By Heidi Thulin
On Field Media
In July 1980, she and her husband, Loren, moved to Kenya to work at Kijabe Hospital. Back then, doctors and nurses did the administration for the hospital, and they desperately needed qualified business individuals to help them. Three years later, after her first daughter was born, Donna left the office and jumped whole-heartedly into the housing ministry, where she arranged accommodations for the staff and oriented people to living in Africa. She enjoyed the organizing, the planning, and the challenge of making things work with the limited resources available.
Then, after twelve years of living and working in the beautiful green escarpment of the Rift Valley, Loren became the director of AIM’s services ministries, requiring the family to move to the busy city of Nairobi. Donna quickly found herself feeling just as lost as the people she’d previously been orienting. They no longer lived on a compound, their daughters didn’t have any friends, and they needed to drive downtown to go shopping. “It should have been a positive challenge to me, with my personality,” she says, “but I was completely overwhelmed by what we had to adapt to. I knew there’d be change, but how significant it would be to me, I didn’t realize. And I just cried. I said when we walked into our new house (and it wasn’t like it was a hut!), ‘I don’t know how to do this.’” But every moment, God helped her work through the changes and taught her that the move was about ministry to others, not about her.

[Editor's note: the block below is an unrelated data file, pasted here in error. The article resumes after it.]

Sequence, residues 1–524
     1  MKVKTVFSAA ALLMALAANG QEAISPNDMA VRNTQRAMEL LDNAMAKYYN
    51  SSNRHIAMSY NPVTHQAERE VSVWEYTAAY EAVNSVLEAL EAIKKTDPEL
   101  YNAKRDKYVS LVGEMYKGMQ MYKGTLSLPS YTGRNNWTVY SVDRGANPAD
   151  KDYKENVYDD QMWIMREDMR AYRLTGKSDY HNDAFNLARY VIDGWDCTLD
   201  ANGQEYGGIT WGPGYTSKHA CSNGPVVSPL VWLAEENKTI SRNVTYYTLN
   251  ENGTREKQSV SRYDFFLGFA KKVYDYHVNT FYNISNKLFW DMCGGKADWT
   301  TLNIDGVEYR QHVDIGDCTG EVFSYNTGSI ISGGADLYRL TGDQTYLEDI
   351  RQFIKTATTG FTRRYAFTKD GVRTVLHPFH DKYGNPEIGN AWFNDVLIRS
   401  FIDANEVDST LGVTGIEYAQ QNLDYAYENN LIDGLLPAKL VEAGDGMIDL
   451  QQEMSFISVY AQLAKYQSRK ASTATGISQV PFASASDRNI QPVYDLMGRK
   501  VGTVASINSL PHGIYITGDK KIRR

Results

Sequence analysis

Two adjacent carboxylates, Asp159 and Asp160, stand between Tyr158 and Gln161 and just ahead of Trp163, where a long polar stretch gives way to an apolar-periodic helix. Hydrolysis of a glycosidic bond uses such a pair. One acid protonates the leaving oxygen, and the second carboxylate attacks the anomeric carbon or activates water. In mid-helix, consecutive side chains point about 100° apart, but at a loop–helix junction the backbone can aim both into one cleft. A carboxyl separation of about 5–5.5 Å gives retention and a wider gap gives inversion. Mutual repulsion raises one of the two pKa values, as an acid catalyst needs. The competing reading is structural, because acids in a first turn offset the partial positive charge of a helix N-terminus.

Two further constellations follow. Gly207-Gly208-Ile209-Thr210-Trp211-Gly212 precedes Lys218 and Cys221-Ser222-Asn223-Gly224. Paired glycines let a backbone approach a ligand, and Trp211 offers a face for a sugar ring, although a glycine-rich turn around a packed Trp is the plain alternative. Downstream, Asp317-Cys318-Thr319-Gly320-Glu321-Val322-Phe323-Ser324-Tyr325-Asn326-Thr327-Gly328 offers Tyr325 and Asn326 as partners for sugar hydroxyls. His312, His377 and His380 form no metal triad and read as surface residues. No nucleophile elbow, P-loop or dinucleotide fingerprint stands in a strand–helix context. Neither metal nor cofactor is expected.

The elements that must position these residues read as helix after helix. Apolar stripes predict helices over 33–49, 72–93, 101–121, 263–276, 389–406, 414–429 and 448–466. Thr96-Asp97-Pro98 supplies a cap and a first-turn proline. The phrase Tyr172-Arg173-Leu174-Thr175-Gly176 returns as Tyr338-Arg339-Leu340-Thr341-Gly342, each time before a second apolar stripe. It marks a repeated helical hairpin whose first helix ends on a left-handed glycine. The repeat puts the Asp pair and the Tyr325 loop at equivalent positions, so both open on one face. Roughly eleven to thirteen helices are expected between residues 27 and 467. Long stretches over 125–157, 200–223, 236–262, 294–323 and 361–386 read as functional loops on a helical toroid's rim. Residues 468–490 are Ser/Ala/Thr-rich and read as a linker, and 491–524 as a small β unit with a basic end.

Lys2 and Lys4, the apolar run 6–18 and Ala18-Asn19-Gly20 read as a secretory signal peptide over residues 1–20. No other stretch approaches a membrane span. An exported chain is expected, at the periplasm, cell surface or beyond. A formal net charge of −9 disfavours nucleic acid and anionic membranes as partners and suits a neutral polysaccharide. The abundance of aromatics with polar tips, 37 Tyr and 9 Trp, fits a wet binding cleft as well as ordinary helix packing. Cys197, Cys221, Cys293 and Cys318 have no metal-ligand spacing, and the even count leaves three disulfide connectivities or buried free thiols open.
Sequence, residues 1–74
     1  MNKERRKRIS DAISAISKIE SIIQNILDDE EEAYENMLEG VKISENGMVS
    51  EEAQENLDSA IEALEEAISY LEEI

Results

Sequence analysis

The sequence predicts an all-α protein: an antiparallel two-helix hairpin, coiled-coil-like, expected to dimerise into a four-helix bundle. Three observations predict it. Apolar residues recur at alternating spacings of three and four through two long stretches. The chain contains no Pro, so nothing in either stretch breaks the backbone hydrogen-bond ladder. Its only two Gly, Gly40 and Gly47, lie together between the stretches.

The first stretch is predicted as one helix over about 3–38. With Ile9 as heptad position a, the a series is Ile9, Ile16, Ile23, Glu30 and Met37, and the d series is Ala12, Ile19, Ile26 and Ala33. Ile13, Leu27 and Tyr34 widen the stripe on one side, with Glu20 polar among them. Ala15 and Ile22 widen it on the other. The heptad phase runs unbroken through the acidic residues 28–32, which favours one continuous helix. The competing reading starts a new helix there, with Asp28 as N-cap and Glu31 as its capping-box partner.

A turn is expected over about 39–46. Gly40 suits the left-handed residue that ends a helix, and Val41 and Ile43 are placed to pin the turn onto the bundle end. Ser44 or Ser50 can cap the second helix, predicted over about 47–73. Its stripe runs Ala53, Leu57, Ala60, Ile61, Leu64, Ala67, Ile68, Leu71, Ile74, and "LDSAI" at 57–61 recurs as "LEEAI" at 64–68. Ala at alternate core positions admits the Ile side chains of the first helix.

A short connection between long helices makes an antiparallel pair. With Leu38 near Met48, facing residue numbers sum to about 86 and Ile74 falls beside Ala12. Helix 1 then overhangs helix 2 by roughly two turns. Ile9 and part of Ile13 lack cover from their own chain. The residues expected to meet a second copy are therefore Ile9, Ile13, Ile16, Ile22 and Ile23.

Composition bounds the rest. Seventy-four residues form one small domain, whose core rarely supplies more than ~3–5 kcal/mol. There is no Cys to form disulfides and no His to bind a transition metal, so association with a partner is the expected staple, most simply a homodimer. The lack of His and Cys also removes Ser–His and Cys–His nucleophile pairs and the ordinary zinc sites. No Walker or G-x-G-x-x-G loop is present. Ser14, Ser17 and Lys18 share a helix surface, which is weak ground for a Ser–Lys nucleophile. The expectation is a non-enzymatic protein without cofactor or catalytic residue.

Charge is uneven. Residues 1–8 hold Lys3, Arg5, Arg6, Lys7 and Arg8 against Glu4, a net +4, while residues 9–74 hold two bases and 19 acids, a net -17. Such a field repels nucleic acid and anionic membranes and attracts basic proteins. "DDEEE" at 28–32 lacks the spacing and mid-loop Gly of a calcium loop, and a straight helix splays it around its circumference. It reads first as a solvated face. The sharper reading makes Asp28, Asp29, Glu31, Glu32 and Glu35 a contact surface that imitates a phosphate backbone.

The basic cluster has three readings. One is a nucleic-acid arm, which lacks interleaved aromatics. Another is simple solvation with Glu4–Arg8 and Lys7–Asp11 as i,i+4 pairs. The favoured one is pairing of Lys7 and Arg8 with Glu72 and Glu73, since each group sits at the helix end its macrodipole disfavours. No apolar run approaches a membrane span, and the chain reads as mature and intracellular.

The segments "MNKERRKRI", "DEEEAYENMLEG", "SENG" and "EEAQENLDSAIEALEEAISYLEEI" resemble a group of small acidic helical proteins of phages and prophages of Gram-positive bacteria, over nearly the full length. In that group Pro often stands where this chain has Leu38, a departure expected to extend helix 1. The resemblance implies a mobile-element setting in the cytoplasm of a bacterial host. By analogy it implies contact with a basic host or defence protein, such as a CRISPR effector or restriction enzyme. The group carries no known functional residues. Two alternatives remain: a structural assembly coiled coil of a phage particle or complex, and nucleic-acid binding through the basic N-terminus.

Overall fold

It was this personal transitional struggle and her experience assisting other people adapt that molded her into a perfect candidate for spearheading a new orientation program for AIM missionaries. For many years, new missionaries arrived in Africa with uninformed expectations of how their new lives would look. As a result, Donna researched several organizations’ training courses and helped create a three-week cross-cultural studies program that exposed fresh missionaries to topics like culture shock, security, health risks, African worldview, and Islam.
Donna, with her husband’s essential partnership, loves leading each Africa-Based Orientation course. “It’s this people part that really makes it significant for me,” she explains. “I get to meet all the new full-term members of AIM and give them the tools they need to navigate their new life. It’s incredibly fulfilling. And what’s even better is when I see them a few years later, thriving in their new home, engaged with their neighbors, and sharing God’s love in the local language!”